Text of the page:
June 9, 2006
Cancer-aging link found
A report published in the June 2, 2006 issue of Science revealed the discovery that checkpoint proteins, which prevent the division of defective cells that can lead to cancer, are also involved in limiting life span. The finding reveals an important link between cancer and the increased risk of the disease that occurs with aging.
A research team led by Professor Gordon Lithgow, who started the project at the University of Manchester and completed it at the Buck Institute in California, genetically programmed the roundworm C. elegans to lack checkpoint proteins, which resulted in a 15 to 30 percent increase in the animal's life span.
"We have discovered that proteins that prevent cancer in humans by ensuring that cells don't divide if they are damaged also determine lifespan in the nematode worm," Dr Lithgow stated. "Our research has shown that these 'checkpoint proteins' – thought only to operate in cells that divide – function in cells that no longer divide as well. The fact that they appear to have dual functions opens a new way to study the connection between aging and cancer. If we look at checkpoint proteins as a gear, we have known for a long time that they drive the cancer engine; now we know that they also drive the longevity engine. This discovery has exciting potential as an area of inquiry into potential cellular links between aging and cancer."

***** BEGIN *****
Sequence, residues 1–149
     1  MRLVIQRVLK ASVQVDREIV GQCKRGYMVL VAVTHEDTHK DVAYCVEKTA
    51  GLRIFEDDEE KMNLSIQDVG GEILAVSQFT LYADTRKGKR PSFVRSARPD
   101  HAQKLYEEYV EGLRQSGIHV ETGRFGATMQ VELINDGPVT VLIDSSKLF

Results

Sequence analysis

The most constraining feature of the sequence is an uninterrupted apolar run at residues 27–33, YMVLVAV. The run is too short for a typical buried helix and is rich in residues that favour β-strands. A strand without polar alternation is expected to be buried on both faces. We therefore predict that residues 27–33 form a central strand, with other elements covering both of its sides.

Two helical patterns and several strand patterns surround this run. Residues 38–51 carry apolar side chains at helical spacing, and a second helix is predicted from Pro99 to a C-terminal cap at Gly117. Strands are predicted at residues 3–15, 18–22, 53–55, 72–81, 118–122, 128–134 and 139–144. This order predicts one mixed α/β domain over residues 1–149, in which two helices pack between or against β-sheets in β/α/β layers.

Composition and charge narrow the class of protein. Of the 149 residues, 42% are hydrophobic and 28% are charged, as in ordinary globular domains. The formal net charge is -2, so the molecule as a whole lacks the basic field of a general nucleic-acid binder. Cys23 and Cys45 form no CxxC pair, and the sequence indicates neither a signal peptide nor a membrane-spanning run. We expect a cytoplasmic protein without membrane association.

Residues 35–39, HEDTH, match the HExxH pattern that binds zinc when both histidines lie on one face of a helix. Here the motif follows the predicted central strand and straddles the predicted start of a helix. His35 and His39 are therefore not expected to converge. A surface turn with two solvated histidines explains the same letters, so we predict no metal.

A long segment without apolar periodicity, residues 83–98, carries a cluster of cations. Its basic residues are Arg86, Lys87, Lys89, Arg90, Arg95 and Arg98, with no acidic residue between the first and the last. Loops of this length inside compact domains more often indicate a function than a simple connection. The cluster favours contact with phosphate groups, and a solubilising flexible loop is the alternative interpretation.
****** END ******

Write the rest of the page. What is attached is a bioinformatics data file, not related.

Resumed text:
Dr Dale Bredesen, who is the Buck Institute's Scientific Director, added, "If we're smart about it, we might be able to design strategies where you could keep checkpoint proteins active in dividing cells and stop them working in cells that no longer divide, such as brain cells. Increasing the survival of brain cells or 'neurons' could provide a new avenue of treatment for neurodegenerative diseases like Alzheimer's."